Command and control (C2) infrastructures are the “brain” behind successful, malicious cyberattacks, including malware, ransomware, ransomware-as-a-service and living-off-the-land attacks. As dangerous cyberweapons, C2 infrastructures are used by cybercriminals to communicate nefarious commands to systems inside a compromised network.
Security operations centres (SOCs) rely on a combination of tools based on their maturity: firewall, endpoint detection and response (EDR), security information and event management (SIEM), network detection and response (NDR), and signature-based detection tools. Threat intel platforms aggregate multiple feeds but do not provide the necessary context for a SOC analyst to take action.
At the same time, threat actors are abusing “red team” tools and legitimate open-source tools by leveraging built-in system applications to gain access to the system. These cybercriminal approaches leave a major gap with no proactive warning capability into C2 infrastructures used by threat actors.
Given that C2 is a malicious behaviour that enables data exfiltration or system control (the later, most-damaging stages of the cyber kill chain), the need to detect these malicious behaviours early is imperative. According to Proofpoint, there is a 20 times increase in attacks using “red team” tools like Cobalt Strike and, according to Sophos, 12% of all attacks leverage a combination of common system applications.
There are even malware-as-a-service platforms (such as the Dark Utilities C2 service) that make it easier for threat actors to set up C2 infrastructures. Dark Utilities is one such hot-ticket platform, attracting nearly 3 000 users since it launched earlier this year. I guess they’ve quit their day jobs. But this type of C2 activity is no joke, and the bad guys are quite skilled at what they do.
Advanced Persistent Threat (APT) actors adopt these “red team” tools and other legitimate open-source tools to scope out the posture of an organisation’s cybersecurity infrastructure. We know these tools provide the framework for legitimate “red team” activities, which is perhaps why they’ve become so appealing as another weapon in the cybercriminal’s arsenal. APTs alter these tools to gain access to systems, establish C2, and launch attacks.
A game changer for threat intelligence
While a defence-in-depth approach to detection and traditional threat intelligence feeds provide visibility of most cybersecurity threats, a glaring gap remains: a lack of threat intelligence that provides early warning of adversary infrastructures so SOC teams can take proactive measures to shift left quickly to defend their network infrastructure. Fortunately, the cybersecurity industry has IronNet’s team of elite threat intel analysts on its side to close this known gap. How? IronRadar.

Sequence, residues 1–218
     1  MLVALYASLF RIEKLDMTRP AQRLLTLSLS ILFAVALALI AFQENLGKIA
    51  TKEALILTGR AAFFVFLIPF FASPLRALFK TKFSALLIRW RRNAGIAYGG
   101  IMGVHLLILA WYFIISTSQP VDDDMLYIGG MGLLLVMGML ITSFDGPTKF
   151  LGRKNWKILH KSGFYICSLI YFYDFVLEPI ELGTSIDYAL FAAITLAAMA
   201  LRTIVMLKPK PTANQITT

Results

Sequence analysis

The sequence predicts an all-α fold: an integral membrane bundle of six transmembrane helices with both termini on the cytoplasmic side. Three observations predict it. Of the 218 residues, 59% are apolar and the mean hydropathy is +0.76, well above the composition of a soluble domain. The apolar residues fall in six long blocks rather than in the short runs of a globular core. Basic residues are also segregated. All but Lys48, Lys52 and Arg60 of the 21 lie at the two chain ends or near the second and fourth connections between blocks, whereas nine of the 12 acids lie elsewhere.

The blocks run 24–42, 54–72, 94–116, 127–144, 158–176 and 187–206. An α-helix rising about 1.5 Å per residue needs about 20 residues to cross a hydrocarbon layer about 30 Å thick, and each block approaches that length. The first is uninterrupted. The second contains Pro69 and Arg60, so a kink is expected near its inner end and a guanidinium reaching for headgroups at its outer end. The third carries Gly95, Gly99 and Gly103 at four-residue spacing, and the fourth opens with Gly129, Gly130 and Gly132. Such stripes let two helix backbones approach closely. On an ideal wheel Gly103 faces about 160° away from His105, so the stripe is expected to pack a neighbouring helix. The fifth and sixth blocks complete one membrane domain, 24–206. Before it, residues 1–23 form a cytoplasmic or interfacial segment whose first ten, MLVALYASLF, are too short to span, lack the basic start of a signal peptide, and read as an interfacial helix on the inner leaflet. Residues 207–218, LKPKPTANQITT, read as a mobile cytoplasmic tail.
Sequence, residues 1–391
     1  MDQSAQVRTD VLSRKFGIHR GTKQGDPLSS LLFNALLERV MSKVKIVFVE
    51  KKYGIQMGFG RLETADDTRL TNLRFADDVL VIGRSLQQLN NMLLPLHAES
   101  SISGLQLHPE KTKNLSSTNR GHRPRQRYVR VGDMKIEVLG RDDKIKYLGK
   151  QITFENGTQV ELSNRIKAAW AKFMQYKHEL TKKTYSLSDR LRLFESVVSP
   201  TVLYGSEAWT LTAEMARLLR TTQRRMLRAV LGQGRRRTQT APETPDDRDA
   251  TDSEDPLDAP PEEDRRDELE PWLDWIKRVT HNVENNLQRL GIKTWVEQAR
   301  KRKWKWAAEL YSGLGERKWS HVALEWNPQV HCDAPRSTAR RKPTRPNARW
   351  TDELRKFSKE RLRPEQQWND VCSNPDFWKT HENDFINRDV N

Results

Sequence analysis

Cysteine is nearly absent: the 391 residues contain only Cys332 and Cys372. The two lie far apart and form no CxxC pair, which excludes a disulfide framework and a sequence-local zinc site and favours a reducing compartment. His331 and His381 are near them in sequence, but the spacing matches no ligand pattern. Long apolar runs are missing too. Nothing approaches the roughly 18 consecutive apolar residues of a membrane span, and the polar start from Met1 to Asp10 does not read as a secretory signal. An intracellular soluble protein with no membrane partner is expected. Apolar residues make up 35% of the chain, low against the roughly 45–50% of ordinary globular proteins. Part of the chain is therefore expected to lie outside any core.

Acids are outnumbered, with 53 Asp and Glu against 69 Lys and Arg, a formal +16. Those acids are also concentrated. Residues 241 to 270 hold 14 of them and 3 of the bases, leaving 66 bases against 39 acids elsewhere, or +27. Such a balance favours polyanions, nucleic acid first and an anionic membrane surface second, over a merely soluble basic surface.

IronRadar is purpose-built for organisations that want to improve their cybersecurity posture by becoming more proactive and filling a key gap in their detection tools. This unique attack intelligence feed can identify threats as new C2 servers appear and before they are used in sophisticated cyberattacks. In fact, Christopher Kissel, research vice president of security and trust products at International Data Corp calls IronRadar’s feed a “game changer”. It uses an innovative process that “fingerprints” a server and determines whether it is adversary infrastructure while those servers are being stood up, even before a cyberattack is initiated. The data is then enriched with context into purpose-built intelligence updates for proactively blocking adversarial infrastructure.
IronRadar complements the ongoing work of the IronNet Threat Research team, which regularly monitors the Internet for adversary infrastructure
Delivered via a robust API, IronRadar can be consumed by a firewall, a SIEM, a threat intel platform, or any other threat hunting tool. In this way, it empowers SOC teams not only to ingest the data but also to automatically block the attack before it has an impact on the organisation.
Using the data from the feed, SOC analysts can query their SIEM data to find communication to adversary infrastructure, reducing the mean time to threat detection. You could say we’re allowing cyber defenders to proactively detect and block new adversary infrastructure during the critical, incipient stage — before data exfil or system control creates a very bad day for a SOC team, chief information security officer, company and board (not to mention your heretofore trusting customers).
IronRadar complements the ongoing work of the IronNet Threat Research team, which regularly monitors the Internet for adversary infrastructure, including Cobalt Strike. As a result of this monitoring, for example, we tracked Cobalt Strike servers used in Russian cyberattacks on Ukraine.
What are the use cases?
By creating this unique attack intelligence feed, we have considered use cases across the cybersecurity maturity curve. Every organisation is as important to protect as the next. SOC teams can use the feed for:
- Basic “block and tackle” purposes
- Deeper investigations of potential exposure by looking at data consumed by a SIEM or any other data collection or data lake
- Discovery of any past connections to even dormant C2 infrastructure
- Real-time observation of attacks for threat recon and investigation
I am proud to say that we have had 98% accuracy over six months, and 97% of our data (IP addresses and domains) has been unique when compared to a leading threat feed, suggesting that, indeed, we are closing a gap in shared threat intelligence.
Don’t just take it from me, though. See for yourself how IronRadar can arm you against weaponised C2 services and level up your cyber defence. Contact [email protected] for a demo or visit ironnet.com for more information.
- The author, Don Closser, is chief product officer at IronNet
- This promoted content was paid for by the party concerned